--I'm sure she loves him. Is she really getting the same kind of love in return?

IMO, there isn't one right way to solve the financial/career issue; different couples can be happy with all different kinds of compromises. The big problem is that he seems to think it's all her problem, not their problem.
Title: Re: Advice for my friend? She can't afford her relationship $$
Post by: lifejoy on June 01, 2015, 01:57:28 PM
Recently he agreed that she could pay rent proportionally instead of 50/50. He figures they could get married five years from now, but not any time soon. They've been together five years.

Did she initially request the 50/50 arrangement or did he tell her that was how he felt like relationships should go? Was she also doing more than 50% of the cooking/cleaning/chores? And "he figures" on marriage 5 years down the road... how does she feel about that? Has she made her feelings on the subjects clear?

Based on a tiny snippet, it seems like she's making a lot of sacrifices for someone not willing to commit permanently to her. She's in default on her loans. She can't afford the life they're living. What happens if he changes his mind about marriage in 5 years because she's so far underwater?

As for how to approach it, it depends on how ready she truly is and how much of a shock defaulting on her loans was. It comes across like your friend is a bit conflict averse. It's good that she recognizes it enough to ask you for advice, but she may not be ready for the really pragmatic opinion of standing up for herself and going to the greener pastures in BC.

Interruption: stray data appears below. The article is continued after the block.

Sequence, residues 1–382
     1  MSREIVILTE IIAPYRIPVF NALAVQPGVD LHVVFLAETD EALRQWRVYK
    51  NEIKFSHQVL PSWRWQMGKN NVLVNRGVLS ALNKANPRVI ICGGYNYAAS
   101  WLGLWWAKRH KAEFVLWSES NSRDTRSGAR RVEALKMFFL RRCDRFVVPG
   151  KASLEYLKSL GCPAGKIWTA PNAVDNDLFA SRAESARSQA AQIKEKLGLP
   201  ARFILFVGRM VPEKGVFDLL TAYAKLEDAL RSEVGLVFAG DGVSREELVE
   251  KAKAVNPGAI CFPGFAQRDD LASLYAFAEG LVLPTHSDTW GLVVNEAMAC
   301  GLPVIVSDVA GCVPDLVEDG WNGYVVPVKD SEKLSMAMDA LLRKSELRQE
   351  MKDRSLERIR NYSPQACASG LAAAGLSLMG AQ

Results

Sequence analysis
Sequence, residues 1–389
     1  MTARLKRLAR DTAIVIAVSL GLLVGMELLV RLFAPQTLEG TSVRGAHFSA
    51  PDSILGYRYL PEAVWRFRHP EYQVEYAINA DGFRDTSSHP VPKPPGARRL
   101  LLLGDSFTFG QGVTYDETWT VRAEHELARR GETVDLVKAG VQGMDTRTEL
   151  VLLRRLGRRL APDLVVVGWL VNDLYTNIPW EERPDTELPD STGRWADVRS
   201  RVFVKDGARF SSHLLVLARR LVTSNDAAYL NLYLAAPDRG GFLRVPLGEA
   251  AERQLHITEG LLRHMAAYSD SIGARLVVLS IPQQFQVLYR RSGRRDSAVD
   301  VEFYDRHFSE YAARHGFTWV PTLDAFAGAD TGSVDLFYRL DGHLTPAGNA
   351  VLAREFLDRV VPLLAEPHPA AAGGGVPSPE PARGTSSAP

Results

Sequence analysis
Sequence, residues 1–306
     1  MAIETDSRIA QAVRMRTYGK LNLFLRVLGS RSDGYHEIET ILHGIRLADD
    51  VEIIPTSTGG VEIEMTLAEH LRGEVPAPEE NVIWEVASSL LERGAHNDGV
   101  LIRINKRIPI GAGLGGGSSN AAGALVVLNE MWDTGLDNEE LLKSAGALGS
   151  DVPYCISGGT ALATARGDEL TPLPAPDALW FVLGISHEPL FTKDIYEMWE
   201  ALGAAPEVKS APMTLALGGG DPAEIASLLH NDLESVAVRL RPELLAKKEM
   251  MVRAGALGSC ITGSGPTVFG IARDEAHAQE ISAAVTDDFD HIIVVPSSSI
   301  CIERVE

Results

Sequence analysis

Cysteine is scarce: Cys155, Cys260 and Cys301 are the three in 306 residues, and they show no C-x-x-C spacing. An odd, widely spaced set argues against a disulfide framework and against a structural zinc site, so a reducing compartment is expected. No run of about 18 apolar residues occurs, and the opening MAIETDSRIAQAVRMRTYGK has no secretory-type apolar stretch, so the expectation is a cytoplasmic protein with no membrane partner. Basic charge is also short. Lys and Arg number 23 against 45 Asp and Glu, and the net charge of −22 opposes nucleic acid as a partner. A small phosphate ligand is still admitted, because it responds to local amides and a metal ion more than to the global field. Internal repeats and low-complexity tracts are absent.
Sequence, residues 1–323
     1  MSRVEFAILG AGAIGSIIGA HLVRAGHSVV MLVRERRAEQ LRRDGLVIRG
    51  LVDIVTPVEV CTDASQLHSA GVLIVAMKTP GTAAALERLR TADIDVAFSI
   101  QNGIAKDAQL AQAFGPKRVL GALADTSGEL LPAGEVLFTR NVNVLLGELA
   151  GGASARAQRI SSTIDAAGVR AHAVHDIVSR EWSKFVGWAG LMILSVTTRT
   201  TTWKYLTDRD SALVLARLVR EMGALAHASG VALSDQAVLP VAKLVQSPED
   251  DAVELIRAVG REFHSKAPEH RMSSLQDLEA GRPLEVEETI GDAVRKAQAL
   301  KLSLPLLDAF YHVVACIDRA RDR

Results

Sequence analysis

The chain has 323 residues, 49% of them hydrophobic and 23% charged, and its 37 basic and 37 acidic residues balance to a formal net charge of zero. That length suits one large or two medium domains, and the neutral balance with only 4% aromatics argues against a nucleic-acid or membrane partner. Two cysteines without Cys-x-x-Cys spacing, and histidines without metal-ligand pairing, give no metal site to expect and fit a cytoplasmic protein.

At a minimum, she needs to have a frank discussion with this guy on where they are and where they're going. If he's not aware of what his decisions are doing to her and her finances, she needs to tell him. He needs to know how she feels. If he's truly committed to the relationship but not to marriage yet, then he needs to show it by building a realistic budget and timeline that suits both of their needs (especially if he's living a more expensive lifestyle than she would without him).

The 50/50 rent splitting was his idea. He has relented and they are now paying about 70/30. I don't know about household chores but it would not surprise me if she did more. However, I should not guess because I don't actually know.

To complicate matters, he's Jewish and she's not - I think there's some family resistance about the prospect of their marriage. Isn't life interesting??
Title: Re: Advice for my friend? She can't afford her relationship $$
Post by: lifejoy on June 01, 2015, 01:58:32 PM
The boyfriend is showing her how strong his commitment to her is. It doesn't seem strong enough for him to consider compromises that would improve her career prospects or her financial well-being. He is also showing her the way he will treat her for the rest of their lives together. I would ask her to think about the following questions:
--Does she want to be treated like this forever? Is she satisfied with the priority she is getting in his life?
--I'm sure she loves him. Is she really getting the same kind of love in return?

IMO, there isn't one right way to solve the financial/career issue; different couples can be happy with all different kinds of compromises. The big problem is that he seems to think it's all her problem, not their problem.

Wow, very astute questions. I will pass these along to her if I get the opportunity :)

I think helping people by posing questions can be very useful. I don't like to tell people what to do.
Title: Re: Advice for my friend? She can't afford her relationship $$
Post by: partgypsy on June 01, 2015, 02:06:29 PM